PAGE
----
You ever look at something so closely that you can't quite see it at all?
That word that you say over and over again until it loses its meaning?
Sitting in front of the old coffee shop, waiting for a friend you haven't seen in god-knows-how-many-years. Maybe you're early. So early that you'd drink your weight in caffeinated beverages if you went inside.
So you sit in your car, waiting. Perhaps you run through the radio presets. Check your bag. Write a list. Think of all the things you have left to do before Christmas. You check the time. Still too early, but getting closer. Once you've exhausted the entertainments inside the car, you turn your attention outside.
Place seems dead. Not like the old days. How many customers have come through the door? You've not been paying attention. You don't think much of it. Times change, people find new hotspots, trends come and go.
Squinting through the windshield you start reading signs:
“Parking for customers only.”
… with dramatic emphasis.
“Parking .. foooooooor cuuuuuuuustomers owwwwwnnnnnleeeee.”
“For Sale – Best Offer.”
“Oh wait … They moved.”
You read the sign a little more closely, and without the Aussie accent, and head over to the new address … where you find an automatic coffee machine and a few packages of individually-wrapped slabs of marshmallow and puffed rice cereal.
And your friend … looking a little lost, too.
That's a little like the way I felt – lost – reading a piece this week in the New York Times about the unwholesome connection between the nation's schools and the food industry.
“How the Food Industry Eats Your Kid's Lunch” tells the story of how 32 million children in this country – 21 million of them eligible for free or reduced priced meals – feast each day on farm surplus food that, in many cases, began its journey through the elementary canal at the commodities level. It begins its round trip as fresh meat, fruit, milk -- provided free – which is then turned over to for-profit food processors, only to return to the schools' defacto kitchens as nutrient-poor chicken nuggets, potato logs and HFC-laiden fruit drinks.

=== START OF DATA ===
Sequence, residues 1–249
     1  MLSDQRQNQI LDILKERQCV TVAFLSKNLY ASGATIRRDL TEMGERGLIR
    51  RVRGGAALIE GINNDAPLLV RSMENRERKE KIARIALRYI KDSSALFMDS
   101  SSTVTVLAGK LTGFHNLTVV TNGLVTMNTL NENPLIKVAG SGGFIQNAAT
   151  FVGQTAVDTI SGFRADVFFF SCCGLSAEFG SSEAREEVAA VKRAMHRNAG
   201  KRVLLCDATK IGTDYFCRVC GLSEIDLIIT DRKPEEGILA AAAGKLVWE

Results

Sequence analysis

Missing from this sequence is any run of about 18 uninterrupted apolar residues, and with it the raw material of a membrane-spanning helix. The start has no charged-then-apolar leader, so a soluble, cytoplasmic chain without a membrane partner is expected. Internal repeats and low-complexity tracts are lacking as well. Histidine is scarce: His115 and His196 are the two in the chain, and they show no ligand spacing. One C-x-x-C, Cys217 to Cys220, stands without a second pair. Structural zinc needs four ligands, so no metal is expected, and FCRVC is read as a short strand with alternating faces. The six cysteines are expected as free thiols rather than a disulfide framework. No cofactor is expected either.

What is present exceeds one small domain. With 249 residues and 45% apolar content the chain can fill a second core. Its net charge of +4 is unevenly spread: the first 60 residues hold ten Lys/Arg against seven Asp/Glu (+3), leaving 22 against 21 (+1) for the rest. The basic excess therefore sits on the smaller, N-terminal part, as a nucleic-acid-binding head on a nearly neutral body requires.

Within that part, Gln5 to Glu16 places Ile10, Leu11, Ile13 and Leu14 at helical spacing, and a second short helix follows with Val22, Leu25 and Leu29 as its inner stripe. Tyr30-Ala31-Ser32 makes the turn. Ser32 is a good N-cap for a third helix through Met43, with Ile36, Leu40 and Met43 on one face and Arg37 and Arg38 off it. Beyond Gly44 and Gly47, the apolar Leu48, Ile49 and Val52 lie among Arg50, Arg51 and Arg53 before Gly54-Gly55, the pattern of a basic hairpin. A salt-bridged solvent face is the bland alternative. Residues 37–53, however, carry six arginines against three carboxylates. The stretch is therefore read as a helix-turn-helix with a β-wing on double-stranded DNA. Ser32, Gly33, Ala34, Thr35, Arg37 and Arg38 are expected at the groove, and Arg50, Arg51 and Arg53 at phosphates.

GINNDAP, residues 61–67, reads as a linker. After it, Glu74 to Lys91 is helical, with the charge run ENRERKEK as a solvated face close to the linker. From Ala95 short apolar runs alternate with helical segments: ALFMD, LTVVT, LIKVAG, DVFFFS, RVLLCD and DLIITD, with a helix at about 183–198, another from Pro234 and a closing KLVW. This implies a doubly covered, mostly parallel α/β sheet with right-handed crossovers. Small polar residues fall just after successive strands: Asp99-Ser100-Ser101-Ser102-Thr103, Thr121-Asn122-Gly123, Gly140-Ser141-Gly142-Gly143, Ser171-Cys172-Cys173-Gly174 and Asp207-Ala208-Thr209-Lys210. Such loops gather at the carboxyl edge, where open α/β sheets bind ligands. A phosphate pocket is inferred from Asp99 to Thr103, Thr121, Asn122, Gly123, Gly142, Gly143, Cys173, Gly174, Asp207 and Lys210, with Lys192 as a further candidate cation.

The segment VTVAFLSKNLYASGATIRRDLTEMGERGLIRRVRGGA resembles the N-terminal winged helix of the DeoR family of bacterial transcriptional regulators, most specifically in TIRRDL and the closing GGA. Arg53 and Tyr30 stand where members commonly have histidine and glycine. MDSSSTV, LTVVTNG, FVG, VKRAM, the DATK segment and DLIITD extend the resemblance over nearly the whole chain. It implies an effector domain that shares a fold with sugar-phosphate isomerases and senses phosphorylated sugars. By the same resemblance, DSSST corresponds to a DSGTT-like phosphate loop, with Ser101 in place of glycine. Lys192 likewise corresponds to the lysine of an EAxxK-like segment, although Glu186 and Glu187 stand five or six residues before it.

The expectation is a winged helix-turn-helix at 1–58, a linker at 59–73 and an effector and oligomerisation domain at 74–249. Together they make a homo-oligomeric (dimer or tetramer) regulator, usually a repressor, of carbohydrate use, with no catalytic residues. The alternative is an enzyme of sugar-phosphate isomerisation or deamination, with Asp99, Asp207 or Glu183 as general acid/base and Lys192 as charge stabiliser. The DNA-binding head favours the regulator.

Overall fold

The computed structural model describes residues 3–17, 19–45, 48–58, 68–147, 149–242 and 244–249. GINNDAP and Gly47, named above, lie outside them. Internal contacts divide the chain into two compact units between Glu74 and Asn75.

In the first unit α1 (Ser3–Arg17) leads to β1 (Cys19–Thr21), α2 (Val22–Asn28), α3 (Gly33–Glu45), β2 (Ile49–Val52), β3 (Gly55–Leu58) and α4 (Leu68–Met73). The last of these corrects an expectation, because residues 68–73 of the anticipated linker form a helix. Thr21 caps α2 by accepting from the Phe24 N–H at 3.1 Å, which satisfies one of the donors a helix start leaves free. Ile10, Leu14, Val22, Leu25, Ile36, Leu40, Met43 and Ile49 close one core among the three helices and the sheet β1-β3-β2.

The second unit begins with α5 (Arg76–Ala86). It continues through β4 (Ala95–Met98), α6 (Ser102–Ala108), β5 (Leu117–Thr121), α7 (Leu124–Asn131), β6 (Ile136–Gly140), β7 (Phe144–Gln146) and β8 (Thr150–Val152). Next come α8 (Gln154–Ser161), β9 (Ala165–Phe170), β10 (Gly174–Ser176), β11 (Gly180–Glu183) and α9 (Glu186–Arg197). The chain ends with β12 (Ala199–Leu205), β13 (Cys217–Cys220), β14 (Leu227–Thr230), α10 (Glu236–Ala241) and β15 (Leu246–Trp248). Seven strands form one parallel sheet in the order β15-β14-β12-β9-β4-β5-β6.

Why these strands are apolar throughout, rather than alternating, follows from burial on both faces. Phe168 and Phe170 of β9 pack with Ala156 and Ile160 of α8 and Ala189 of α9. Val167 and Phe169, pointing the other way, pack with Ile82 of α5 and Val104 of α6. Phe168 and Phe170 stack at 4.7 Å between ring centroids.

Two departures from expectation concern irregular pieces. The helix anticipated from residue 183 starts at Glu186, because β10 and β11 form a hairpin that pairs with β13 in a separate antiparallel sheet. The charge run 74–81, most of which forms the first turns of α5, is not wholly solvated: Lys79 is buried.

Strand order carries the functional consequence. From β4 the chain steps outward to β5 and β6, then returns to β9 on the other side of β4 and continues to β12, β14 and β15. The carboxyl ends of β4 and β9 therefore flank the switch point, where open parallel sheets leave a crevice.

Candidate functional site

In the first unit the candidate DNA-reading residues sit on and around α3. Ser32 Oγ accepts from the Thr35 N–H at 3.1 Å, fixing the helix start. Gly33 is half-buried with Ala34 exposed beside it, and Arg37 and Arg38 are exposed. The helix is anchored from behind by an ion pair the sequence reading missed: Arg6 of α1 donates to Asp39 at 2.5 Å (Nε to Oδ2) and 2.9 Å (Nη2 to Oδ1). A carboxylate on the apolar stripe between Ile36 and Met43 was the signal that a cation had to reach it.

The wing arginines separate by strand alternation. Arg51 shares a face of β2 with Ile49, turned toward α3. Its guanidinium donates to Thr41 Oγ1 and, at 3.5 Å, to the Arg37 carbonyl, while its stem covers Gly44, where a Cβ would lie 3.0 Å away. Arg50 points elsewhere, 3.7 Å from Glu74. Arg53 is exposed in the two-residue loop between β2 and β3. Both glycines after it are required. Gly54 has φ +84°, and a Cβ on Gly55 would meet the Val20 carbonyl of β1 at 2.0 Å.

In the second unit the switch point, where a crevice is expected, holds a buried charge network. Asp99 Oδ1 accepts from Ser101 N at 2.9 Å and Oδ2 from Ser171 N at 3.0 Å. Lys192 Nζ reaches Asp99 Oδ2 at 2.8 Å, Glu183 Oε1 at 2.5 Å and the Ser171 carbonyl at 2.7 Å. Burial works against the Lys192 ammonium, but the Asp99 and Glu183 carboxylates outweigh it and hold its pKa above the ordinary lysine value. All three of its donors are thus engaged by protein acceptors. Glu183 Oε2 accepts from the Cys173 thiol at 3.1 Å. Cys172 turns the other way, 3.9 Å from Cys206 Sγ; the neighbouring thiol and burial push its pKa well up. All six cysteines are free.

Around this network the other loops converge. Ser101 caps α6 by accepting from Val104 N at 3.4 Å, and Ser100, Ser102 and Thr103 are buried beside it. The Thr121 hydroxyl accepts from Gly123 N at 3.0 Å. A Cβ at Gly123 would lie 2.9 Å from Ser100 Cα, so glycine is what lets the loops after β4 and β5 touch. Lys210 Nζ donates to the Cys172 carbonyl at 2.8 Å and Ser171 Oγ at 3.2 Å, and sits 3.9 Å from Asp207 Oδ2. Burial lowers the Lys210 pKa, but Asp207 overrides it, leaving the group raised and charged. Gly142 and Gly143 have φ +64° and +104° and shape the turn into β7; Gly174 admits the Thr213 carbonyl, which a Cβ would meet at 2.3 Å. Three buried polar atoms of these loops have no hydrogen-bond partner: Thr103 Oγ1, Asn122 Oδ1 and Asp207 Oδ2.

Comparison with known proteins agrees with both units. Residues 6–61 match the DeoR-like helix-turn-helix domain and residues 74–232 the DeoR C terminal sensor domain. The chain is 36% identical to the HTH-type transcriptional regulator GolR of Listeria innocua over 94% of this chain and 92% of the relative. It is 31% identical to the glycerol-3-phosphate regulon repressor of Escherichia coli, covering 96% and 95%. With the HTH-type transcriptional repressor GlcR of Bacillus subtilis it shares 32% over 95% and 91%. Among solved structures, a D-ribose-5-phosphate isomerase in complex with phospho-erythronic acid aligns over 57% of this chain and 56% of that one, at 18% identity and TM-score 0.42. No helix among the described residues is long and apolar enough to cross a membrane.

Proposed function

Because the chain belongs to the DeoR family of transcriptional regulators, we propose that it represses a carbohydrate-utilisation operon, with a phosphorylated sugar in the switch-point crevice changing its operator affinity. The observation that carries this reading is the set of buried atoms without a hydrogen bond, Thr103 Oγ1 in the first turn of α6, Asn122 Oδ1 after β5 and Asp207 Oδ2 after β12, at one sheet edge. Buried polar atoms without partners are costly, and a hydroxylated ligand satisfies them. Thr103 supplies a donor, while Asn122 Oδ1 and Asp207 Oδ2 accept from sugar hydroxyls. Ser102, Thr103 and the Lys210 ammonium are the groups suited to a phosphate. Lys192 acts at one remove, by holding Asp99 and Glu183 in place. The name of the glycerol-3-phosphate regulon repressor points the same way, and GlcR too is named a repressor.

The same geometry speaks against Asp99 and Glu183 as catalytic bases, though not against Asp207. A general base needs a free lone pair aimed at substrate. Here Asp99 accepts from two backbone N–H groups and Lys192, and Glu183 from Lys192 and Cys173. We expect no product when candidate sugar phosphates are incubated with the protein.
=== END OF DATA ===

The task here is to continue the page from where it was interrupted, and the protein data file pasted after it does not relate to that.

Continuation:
It's not as if I haven't been reading the lunch menu that comes home monthly with Ittybit. I know the lunch choices in any given week offer two kinds of pizza, two kinds of minced and re-formed chicken substances and the wildcard offering: burger, hotdog or taco.
When I was a kid, walking the school lunch line was a different experience. We had pizza and tator tots on special occasions, it's true. But we also had women dishing out food they'd made from the boxes of greens, sacks of potatoes and trays of whole chickens that waited for their attentions – on a loading dock or walk-in-cooler – each morning.
It seems almost a foreign idea to me that school districts ever provided working kitchens, complete with potato mashers and ricers and hair-netted cooks whose job it was to provide scratch meals for 400 or more children each weekday noon-time.
We've become so specialized, we've outsourced virtually everything.
Someone else can do it better. Cheaper. Faster. More appealing to kids and their picky appetites.
Only, according to the Times article, the savings haven't materialized. Schools may have cut the cost of staffing and preparation, but the fees associated with food processing has made it a wash.
As I sit here, blinking at this new legacy we're doling out like rubbery chicken nuggets, a reality that should have been apparent to me all along finally dawns on me: Even our schools are “For Sale – Best Offer.”